Last Updated: Nov 14, 2011
Summary: Quiet beaches and laid-back atmosphere; situated within the Gandoca-Manzanillo Wildlife Refuge.
Landscape: Beaches, Rainforest
Attractions: Gandoca Manzanillo Wildlife Refuge, Nesting Sea Turtles, Wildlife
Activities: Kayaking, Snorkeling, Swimming
Caters to: Budget Travelers, Couples/Honeymooners, Nature Lovers
The tranquil town of Manzanillo is the southernmost stop on the scenic, coastal road from Puerto Viejo. Here, the pavement ends, blending into unspoiled beaches, turquoise waters and sandy footpaths. The Panamanian border lies only a few miles south, though travelers must go to nearby Sixaola for the official border crossing.
Location: 138 miles from San Jose; 8 miles south of Puerto Viejo
Average Temperature: 72-95°F
Altitude: Sea level
Manzanillo is a traditional Caribbean town: stilt homes are painted in bright colors, lunch simmers in coconut milk over a hot stove, and roads carry names such as “Mista Cracker Jack Street.” The town’s friendly residents speak both Spanish and Patois English.
The entire village is located within the Gandoca - Manzanillo Wildlife Refuge and is surrounded by tropical humid forest. Thanks to involved locals and national laws, the wildlife refuge protects the area’s white-sand beaches, coral reefs, nesting leatherback turtles and twisting canals. When visiting Manzanillo, visitors can choose from activities that include snorkeling, kayaking, surfing, swimming, and guided turtle tours within the refuge.
It is important to note that wildlife, not nightlife, is Manzanillo’s claim to fame, and visitors generally rise early to observe waking seabirds, sleepy monkeys and the gentle dawn. Those in search of nightlife should stick to the late-night discos of nearby Puerto Viejo. Manzanillo is a place to relax and enjoy the laid-back Caribbean atmosphere. On Saturday nights, Maxi's Bar and Restaurant is the local hot spot.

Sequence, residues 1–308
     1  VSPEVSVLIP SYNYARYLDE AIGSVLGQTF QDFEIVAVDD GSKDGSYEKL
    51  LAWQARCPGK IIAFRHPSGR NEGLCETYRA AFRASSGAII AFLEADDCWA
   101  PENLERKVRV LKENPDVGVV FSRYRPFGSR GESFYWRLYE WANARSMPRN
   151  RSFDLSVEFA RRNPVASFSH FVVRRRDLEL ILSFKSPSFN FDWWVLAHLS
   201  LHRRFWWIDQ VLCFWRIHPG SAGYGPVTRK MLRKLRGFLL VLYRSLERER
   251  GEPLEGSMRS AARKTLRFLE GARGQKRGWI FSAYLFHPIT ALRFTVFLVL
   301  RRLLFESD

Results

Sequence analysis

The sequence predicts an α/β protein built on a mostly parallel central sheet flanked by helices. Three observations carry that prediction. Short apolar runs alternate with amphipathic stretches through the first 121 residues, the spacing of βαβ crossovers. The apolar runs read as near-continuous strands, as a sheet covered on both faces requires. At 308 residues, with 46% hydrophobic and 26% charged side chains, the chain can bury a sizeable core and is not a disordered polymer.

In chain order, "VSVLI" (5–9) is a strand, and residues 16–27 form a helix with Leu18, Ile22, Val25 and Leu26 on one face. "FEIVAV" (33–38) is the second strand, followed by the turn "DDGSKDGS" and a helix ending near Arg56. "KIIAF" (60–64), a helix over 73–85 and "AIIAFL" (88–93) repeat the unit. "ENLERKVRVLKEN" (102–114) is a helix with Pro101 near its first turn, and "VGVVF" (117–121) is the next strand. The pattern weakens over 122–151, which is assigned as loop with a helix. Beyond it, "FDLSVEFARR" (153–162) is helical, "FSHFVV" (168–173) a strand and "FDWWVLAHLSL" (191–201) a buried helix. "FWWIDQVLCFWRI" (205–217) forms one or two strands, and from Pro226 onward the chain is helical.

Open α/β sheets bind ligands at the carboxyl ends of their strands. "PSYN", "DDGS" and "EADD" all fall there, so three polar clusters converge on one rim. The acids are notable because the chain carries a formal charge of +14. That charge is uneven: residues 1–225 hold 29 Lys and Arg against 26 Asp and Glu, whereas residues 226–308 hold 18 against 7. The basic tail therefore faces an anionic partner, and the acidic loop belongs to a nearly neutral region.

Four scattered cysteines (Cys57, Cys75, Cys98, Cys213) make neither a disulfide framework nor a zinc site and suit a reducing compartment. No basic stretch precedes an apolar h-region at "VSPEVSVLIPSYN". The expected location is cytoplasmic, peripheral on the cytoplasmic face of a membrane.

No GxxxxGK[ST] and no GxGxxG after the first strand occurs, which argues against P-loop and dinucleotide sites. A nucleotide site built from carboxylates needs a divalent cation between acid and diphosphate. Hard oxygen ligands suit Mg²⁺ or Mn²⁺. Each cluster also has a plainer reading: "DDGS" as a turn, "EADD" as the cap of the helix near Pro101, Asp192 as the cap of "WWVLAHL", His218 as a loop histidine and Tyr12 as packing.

Manzanillo is a 250-year-old fishing village, originally settled by fishermen searching for the hawksbill sea turtle. They first settled at Monkey Point (Punta Mona), later traveling a few miles north to settle in what is today known as Manzanillo. The village has developed slowly, mainly due to limited infrastructure – electricity arrived to the area in the 1980s, and telephone service first became available in 2000.
In 1985, the Gandoca-Manzanillo Wildlife Refuge was established, helping to protect the idyllic town and its natural treasures. Together with ecologically-minded locals, the refuge, which surrounds the town of Manzanillo, has imposed strict regulations and helped slow land development in the area.
Walking and bicycling are the easiest and most popular ways to get around Manzanillo – local shops rent bikes for about $5 a day. For motored transportation, consider renting a scooter or 4WD vehicle. In addition, there are public buses that run the roundtrip Limon-Cahuita-Puerto Viejo-Manzanillo route four times daily.
Services & Facilities:
There are no ATMs, banks, gas stations or pharmacies in Manzanillo. The closest medical facility is the Hone Creek clinic. For all banking and most other needs, Puerto Viejo should suffice.
Manzanillo Travel Guide
Manzanillo Travel Guide
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